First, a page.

Don’t over-analyze baseball

The Angels’ Mike Trout has a career WAR of 28.2, but have you heard the crack of his bat?
The Angels’ Mike Trout has a career WAR of 28.2, but have you heard the crack of his bat? AP

One of the charms of baseball, which started up again this week, is the exhilarating departure it offers from the noisy bustle of daily life. Come early for batting practice, have a scoring book ready to capture the game in pencil and lean back to take in the crisp musicality of a ball hit on the screws or track the near-perfect route a fleet outfielder takes to run down a fly ball in the gap. Baseball is a language unto itself, a language to be enjoyed and understood by any fan – at least until the talk turns to BABIP, FIP and WAR.

Thanks to “Moneyball” and stats-driven fantasy leagues, advanced statistics have changed how fans think about the game. On the whole that’s a positive trend but not when the numbers begin to eclipse a more nuanced appreciation of baseball. When it comes to watching a matchup of, say, the Mets pitcher Matt Harvey and Giancarlo Stanton of the Miami Marlins, statistical analysis is about as helpful in deepening an appreciation of the human drama unfolding before us as it would be for a Pavarotti aria.

Being alert to the twists and turns of a game is vital, since it’s the glimpses of character that emerge during these unlikely sequences that give baseball its essential flavor. I was on hand in Oakland in October 2001 when the Yankees shortstop Derek Jeter won a game and, arguably, a playoff series against the A’s by having the foresight to anticipate an errant throw and make an improvised little flip to home plate to nail a lumbering Jeremy Giambi trying to score. Statistical analysis had absolutely zero to do with that play.

Managers agree.

“I watch the game,” said Bruce Bochy, the manager of the World Series champion San Francisco Giants. “You don’t see me writing down a lot of things or having to look down at stats. They’re important, but there are some things that you can’t see on a spreadsheet.”

The real problem isn’t in the dugout, though. It’s with the way the game is discussed off the field. I grew up on vivid reporting that teased out details from the day’s action to give us a more flavorful and insightful narrative not just by accomplished magazine writers like Roger Angell, but by the scores of beat reporters covering the game nationwide. These days there are some great baseball beat writers, but too many, especially among the younger ones, are so awash in stats that they can’t seem to see the game beyond the numbers.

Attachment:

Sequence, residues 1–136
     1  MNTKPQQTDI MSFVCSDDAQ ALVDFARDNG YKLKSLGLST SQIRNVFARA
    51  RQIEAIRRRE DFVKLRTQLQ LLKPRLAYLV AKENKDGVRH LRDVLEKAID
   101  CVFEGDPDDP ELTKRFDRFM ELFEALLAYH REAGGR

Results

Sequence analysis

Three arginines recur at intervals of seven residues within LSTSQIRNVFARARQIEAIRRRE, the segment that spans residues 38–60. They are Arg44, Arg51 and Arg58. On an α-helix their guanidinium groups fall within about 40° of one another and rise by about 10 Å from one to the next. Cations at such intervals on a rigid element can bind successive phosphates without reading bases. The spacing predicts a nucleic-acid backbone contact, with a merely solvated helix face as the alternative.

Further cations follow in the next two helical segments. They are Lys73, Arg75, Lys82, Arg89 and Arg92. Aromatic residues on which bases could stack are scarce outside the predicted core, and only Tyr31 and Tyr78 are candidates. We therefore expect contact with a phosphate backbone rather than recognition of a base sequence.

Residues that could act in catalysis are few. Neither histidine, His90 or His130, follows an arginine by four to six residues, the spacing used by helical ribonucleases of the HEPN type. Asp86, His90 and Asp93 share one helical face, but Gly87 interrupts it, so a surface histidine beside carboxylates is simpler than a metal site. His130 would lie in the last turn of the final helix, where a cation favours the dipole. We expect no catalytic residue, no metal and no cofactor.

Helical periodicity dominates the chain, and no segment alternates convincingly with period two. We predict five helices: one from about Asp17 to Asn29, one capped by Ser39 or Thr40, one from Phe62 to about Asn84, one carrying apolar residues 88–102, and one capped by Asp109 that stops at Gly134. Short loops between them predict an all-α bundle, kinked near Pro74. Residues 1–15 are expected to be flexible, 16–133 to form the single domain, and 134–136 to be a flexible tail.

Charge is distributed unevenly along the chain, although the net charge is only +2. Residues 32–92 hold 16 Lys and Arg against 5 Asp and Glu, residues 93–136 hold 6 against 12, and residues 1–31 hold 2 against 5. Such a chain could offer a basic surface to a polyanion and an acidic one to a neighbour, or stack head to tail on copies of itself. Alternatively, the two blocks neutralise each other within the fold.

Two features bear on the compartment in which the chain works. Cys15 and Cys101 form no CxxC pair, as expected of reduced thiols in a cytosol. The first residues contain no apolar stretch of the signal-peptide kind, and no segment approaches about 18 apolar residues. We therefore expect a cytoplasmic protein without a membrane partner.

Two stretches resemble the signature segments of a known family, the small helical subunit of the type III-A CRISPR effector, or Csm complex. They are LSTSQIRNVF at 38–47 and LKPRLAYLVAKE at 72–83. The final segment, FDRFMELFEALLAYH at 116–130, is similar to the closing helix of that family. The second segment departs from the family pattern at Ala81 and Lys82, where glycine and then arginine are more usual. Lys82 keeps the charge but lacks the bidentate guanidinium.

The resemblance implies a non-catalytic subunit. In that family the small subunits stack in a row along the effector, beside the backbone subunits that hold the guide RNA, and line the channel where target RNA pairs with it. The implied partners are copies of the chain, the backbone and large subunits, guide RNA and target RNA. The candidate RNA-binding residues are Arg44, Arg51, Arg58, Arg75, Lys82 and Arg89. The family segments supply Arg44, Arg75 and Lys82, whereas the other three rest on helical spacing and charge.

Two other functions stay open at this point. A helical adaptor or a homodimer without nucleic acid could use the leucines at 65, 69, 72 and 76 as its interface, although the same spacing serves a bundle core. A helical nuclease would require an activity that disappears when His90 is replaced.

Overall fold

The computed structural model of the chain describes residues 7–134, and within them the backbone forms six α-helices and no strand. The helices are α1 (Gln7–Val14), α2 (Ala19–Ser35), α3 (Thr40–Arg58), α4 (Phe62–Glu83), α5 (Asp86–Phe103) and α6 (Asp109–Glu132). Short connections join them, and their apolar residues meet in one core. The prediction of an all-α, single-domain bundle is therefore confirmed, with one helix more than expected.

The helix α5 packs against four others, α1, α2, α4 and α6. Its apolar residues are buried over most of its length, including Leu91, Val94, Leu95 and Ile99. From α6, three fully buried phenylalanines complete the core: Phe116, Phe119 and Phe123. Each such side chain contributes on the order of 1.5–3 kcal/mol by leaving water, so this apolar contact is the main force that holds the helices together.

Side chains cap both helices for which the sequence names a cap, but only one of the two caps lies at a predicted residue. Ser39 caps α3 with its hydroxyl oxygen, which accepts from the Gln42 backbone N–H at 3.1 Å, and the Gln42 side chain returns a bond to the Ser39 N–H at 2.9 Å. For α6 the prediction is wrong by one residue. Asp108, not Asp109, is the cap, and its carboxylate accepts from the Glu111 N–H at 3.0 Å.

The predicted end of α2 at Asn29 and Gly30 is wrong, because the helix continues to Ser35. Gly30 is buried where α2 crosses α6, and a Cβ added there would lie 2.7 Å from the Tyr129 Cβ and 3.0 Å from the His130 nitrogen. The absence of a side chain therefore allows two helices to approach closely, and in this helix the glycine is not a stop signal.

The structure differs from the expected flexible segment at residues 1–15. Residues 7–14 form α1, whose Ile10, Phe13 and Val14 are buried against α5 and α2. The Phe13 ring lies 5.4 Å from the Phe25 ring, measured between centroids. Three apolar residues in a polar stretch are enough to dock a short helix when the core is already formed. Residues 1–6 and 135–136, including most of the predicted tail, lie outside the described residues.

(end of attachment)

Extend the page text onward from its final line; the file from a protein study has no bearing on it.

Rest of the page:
In any press box most reporters are texting, tweeting or Googling stats. This doesn’t work. You can go to the symphony and hear the music even as you’re texting with a client to close a deal. As your thumbs fly, you might note that the orchestra is playing Mahler’s Ninth. With your attention so cratered, though, are you really listening to the music? Are you enjoying it?

The importance of being fully present for a game, shorn of distractions, lies not in sentimentality about the nobility of baseball but in continuously deepening one’s understanding of the game.

The art of hitting a baseball starts with emptying the mind. As Jonathan Fader, a psychologist who works with Mets players, told me: “Essentially, what we’re trying to do in sports psychology is helping people to not think.”

Fans and writers need to adopt a similar attitude. An overly analytical approach, centered in the cerebral cortex, is a distancing mechanism that puts a fan at a remove from how the players, and most fans, are experiencing a game.

There’s no question that, as baseball general managers get younger and better educated, much of the fresh energy in baseball today comes from putting analytical tools to work in rethinking old assumptions. Often the greater rigor that results can be readily understood and applied, to exciting ends.

The trouble is not with the numbers. The imposing BABIP means simply “batting average on balls in play.” And FIP stands for “fielding-independent pitching,” an attempt to offer a broader measure of a pitcher’s performance than the traditional ERA, or earned-run average.

Like children, the numbers themselves are blameless. It’s how we use them, or misuse them. There is a risk that numbers become an end in themselves and arcane stats proliferate. A good rule of thumb is that the more a stat relies on abstraction, the less likely it’s going to be consistently useful to a wide audience. Even an old stat like WAR, or wins above replacement, continues to have both backers and detractors, since it relies on comparing a given player to the abstraction of some hypothetical median player, the “replacement.”

Baseball is slow, and in that slowness comes the opportunity to let the mind and the imagination wander and move along with the action.

If we can’t clear our attention span enough to focus on the action, if we don’t tune in to baseball the way we do music, we’re never going to hear the tune.

Steve Kettmann is the author of “Baseball Maverick: How Sandy Alderson Revolutionized Baseball and Revived the Mets.”